There was a summer storm at the University of Florida, and it’s continuing. Kevin Folta, chairman of the university’s Department of Horticultural Sciences Department and a researcher who specializes in GMOs (genetically modified organisms), is being attacked as a shill for big chemical companies.
His attackers, Charles Seife and Paul Thacker, wrote such an inflammatory and inaccurate article on the PLOS (Public Library of Science) Biology blog that the managers took it off. (Seife is a professor of journalism at New York University.)
The article followed (and to some extent was based on) a massive public-records request last winter by U.S. Right to Know, an advocacy group that opposes genetically modified foods. The FOIA request asked for all email communications over two years between forty professors and GMO-related companies. Folta complied.
Folta’s blog gives you an idea of the result:
Wrong author of the email, misrepresented content, wrong date, wrong state, and portraying me as a stooge of the company, when I was criticizing the company. Did they get anything right? Why would they do that?
Because truth would not reinforce the rest of their article. They had to destroy the truth to fit their thesis.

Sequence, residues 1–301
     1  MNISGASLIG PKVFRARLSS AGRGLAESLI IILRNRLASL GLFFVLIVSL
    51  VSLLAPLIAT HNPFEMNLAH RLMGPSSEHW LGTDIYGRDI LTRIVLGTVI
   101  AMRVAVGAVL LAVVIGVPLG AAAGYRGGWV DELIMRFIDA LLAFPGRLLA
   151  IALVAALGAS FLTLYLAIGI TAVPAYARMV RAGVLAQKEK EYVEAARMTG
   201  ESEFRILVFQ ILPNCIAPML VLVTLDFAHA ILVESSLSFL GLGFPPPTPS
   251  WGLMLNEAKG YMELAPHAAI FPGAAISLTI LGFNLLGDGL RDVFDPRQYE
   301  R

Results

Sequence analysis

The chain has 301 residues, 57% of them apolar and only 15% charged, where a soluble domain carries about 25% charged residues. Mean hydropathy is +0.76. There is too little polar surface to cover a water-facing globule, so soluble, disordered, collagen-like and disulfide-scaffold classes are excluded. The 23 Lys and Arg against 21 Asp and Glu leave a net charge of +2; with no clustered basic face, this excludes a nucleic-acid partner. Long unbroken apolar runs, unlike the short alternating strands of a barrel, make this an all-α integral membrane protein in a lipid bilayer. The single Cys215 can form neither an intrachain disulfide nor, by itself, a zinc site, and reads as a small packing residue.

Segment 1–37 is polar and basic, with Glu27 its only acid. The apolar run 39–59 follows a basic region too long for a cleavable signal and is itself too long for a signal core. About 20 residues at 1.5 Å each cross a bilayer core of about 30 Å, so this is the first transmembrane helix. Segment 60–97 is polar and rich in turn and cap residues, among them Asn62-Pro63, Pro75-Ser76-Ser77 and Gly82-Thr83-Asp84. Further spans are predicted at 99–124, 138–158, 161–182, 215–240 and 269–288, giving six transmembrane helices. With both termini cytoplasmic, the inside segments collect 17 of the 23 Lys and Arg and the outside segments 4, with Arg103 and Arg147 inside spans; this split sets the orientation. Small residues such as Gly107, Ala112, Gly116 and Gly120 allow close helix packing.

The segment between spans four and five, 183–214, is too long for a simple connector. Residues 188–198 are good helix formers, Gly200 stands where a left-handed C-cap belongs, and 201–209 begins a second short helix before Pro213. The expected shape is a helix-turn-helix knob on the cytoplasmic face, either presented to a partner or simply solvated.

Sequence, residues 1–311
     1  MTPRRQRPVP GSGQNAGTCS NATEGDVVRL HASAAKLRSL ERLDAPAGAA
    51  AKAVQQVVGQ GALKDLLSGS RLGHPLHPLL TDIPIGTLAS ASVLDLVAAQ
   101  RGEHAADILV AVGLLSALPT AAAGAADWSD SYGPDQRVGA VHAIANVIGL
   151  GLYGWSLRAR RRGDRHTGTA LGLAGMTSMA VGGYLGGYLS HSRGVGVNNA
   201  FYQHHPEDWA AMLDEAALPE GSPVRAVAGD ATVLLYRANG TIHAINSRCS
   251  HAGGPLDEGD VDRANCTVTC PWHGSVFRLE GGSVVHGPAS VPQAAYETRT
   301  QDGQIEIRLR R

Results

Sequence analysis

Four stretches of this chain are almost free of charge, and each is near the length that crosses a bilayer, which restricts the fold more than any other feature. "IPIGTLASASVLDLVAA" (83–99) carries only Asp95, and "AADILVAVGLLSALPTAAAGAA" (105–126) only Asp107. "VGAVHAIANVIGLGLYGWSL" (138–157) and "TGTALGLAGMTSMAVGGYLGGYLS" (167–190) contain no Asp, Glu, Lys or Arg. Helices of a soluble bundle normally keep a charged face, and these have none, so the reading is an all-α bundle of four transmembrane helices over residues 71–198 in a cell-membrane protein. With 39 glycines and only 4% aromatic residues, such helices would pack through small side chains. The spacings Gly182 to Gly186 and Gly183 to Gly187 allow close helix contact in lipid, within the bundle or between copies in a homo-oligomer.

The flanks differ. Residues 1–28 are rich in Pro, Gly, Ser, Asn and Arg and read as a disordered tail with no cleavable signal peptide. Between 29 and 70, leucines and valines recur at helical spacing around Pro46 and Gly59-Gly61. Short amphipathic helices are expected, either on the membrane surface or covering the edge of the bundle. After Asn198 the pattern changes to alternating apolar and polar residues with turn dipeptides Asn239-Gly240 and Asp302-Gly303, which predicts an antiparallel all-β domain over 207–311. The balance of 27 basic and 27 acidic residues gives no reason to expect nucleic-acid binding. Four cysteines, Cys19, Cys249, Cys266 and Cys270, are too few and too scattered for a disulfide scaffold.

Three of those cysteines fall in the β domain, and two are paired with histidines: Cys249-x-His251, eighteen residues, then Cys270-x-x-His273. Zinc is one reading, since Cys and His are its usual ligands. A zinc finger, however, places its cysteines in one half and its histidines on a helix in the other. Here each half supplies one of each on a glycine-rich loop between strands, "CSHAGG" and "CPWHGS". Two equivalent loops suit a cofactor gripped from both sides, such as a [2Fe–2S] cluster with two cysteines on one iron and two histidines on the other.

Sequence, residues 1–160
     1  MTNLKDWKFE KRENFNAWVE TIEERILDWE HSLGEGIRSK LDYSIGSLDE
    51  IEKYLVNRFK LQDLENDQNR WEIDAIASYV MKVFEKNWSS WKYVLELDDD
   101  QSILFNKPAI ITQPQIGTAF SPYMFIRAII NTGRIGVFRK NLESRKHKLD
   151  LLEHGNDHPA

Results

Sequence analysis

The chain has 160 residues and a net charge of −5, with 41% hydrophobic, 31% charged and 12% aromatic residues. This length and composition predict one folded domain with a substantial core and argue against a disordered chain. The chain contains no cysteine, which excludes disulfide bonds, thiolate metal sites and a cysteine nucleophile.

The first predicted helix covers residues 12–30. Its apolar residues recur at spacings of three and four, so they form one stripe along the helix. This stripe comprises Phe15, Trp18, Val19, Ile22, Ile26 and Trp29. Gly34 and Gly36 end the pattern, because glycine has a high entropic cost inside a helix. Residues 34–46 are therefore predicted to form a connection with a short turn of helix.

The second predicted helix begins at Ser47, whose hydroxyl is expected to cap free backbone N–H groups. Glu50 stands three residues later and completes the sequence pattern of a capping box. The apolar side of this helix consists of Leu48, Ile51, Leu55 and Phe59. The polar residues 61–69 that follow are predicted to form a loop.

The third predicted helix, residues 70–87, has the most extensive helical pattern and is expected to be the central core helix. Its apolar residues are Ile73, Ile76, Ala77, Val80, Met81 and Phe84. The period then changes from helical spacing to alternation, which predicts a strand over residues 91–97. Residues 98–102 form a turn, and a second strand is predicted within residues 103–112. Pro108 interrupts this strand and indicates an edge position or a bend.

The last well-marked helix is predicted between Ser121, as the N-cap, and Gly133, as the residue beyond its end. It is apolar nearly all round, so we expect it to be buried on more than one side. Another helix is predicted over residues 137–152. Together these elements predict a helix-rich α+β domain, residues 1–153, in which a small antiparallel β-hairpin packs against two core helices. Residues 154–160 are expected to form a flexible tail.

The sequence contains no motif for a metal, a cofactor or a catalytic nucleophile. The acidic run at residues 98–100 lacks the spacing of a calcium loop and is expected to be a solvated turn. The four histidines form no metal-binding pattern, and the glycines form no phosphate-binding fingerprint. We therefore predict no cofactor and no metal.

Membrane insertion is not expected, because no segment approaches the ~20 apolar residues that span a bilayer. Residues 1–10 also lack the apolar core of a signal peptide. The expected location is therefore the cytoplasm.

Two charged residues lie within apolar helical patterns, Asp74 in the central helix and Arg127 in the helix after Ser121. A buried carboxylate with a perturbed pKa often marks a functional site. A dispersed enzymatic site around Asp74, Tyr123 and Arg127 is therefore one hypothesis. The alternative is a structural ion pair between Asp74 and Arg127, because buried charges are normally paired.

Among all the rhetoric, apparently U.S. RTK found that Folta had accepted a $25,000 grant from Monsanto to encourage better communication of science. Monsanto may have paid for his outreach travel, too (but no honoraria). Folta is upfront about his support of GMOs and contributes to a website, GMO Answers, that is sponsored by biotechnology companies. Unlike Monsanto, however, he champions labeling of genetically modified food.
To maintain his reputation, Folta decided to give the $25,000 to a university food bank (with Monsanto’s approval).
The attack on Folta is similar to the effort to demolish the credibility of Willie Soon of the Harvard-Smithsonian Center for Astrophysics.
When will these attacks end and what is the University of Florida doing to help this man?